I said, ‘What else does your religion require of you?’ He replied, ‘I have made one pilgrimage to a holy well near Amritsar. Eighty-five steps lead down to it. I descended, and bathed in the sacred pool. Then I ascended one step and repeated my Jap-jee with great rapidity. Then I descended again to the pool and bathed again, and ascended to the second step and repeated my prayers a second time. Then I descended a third time, and ascended to the third step and repeated my Jap-jee a third time, and so on for the whole eighty-five steps, eighty-five bathings and eighty-five repetitions of the same prayers. It took me exactly fourteen hours, from 5 p. m. one evening to 7 a. m. next morning, and I fasted all the time.’
I asked, ‘What good did you expect to get by going through this task?’ He replied, ‘I hope I have laid up an abundant store of merit, which will last me for a long time.’
This, let me tell you, is a genuine Hindū notion. It is of the very essence of Brahmanism, of Hindūism, of Zoroastrianism, of Confucianism, of Muhammadanism. It is even more of the essence of Buddhism, For, of all systems, Buddhism is the one which lays most stress on the accumulation of merit by good actions, as the sole counterpoise to the mighty force generated by the accumulation of demerit through evil actions in present and previous forms of life.
Nor did the Buddha ever claim to be a deliverer from guilt, a purger from the taint of past pollution. He never pretended to set any one free from the penalty, power, and presence of sin—from the bondage of sinful acts and besetting vices. He never professed to furnish any cure for the leprosy of man’s corrupt nature—any medicine for a dying sinner 1. On the contrary, by his doctrine of Karma he bound a man hand and foot to the inevitable consequences of his own evil actions with chains of adamant. He said, in effect, to every one of his disciples, ‘You are in slavery to a tyrant of your own setting up; your own deeds, words, and thoughts in your present and former states of being, are your own avengers through a countless series of existences.
“Your acts your angels are for good or ill,
Your fatal shadows that walk by you still.”
'If you have been a murderer, a thief, a liar, impure, a drunkard, you must pay the penalty in your next birth—perhaps as a sufferer in one of the hells 2, per-
1 It is true that in the Lalita-vistara Buddha is described in terms which appear to assimilate his character to the Christian conception of a Saviour; but how could any man, however good and great, have any claim to be called either a Saviour or Redeemer, who only revealed to his fellow-men such a method of getting rid of pain and suffering, through their own works and merits, as must lead them in the end to extinction of all personal existence? The very essence of Christ’s character as a Saviour is His divine power of transferring His own perfect merits to imperfect men, and leading them from death to eternal life, not to eternal extinction of life.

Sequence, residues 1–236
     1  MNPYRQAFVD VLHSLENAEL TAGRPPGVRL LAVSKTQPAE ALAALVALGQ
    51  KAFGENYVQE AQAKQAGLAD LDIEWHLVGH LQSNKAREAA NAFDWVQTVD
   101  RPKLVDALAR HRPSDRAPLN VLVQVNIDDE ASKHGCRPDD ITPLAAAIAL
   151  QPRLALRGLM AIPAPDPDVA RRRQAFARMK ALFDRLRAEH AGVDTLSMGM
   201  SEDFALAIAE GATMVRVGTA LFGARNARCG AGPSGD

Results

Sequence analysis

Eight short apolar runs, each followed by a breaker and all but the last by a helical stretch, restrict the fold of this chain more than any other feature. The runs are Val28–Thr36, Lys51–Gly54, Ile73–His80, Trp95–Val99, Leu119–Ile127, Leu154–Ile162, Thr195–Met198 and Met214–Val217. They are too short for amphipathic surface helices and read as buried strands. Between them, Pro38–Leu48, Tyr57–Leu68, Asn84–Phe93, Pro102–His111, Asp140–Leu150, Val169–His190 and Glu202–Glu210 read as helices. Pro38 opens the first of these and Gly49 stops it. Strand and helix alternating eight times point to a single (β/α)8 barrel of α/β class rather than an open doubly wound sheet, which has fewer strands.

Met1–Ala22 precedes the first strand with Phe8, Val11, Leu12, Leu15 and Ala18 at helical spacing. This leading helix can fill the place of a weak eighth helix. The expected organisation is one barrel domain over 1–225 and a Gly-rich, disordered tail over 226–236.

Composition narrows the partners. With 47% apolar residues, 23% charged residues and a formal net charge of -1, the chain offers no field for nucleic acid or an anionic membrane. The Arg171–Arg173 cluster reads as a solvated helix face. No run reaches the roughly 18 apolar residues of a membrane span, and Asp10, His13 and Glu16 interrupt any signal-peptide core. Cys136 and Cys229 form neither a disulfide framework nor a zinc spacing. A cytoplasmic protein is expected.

2  In regard to the Buddhist doctrine of terrific purgatorial torments in some of the numerous Hells see p. 120 of this volume.
haps in the body of a wild beast, perhaps in that of some unclean animal or loathsome vermin, perhaps as a demon or evil spirit. Yes, your doom is sealed. Not in the heavens, O man, not in the midst of the sea, not if thou hidest thyself in the clefts of the mountains, wilt thou find a place where thou canst escape the force of thine own evil actions1. Thy only hope of salvation is in thyself. Neither god nor man can save thee, and I am wholly powerless to set thee free.’
And now, contrast the few brief words of Christ in his first recorded sermon2. ‘The Spirit of the Lord is upon Me, because He hath anointed Me to preach good tidings to the poor; He hath sent Me to proclaim liberty to the captives, and recovering of sight to the blind, and the opening of the prison to them that are bound.’
Yes, in Christ alone there is deliverance from the bondage of former transgressions, from the prison- house of former sins; a total cancelling of the past; a complete blotting-out of the handwriting that is against us; an entire washing away of every guilty stain; the opening of a clear course for every man to start afresh; the free gift of pardon and of life to every criminal, to every sinner—even the most heinous and inveterate.
Still, I seem to hear some admirers of Buddhism...
2 I have not followed the exact words in our authorized translation of St. Luke 4:18, because they must be taken with Isaiah.
- - - - - - - - - - - -   To be continued in Part 2   - - - - - - - - - - - -
August 12: added hyperlinks, much more highlighting and modernized Bible verse references for ease of quick reference.  Especially of interest is that of Dr. Kellogg's The Light of Asia and the Light of the World, and of the Bishop of Colombo's writing on Buddhism.
See next post Part 2 (of 3) for the remainder of this chapter...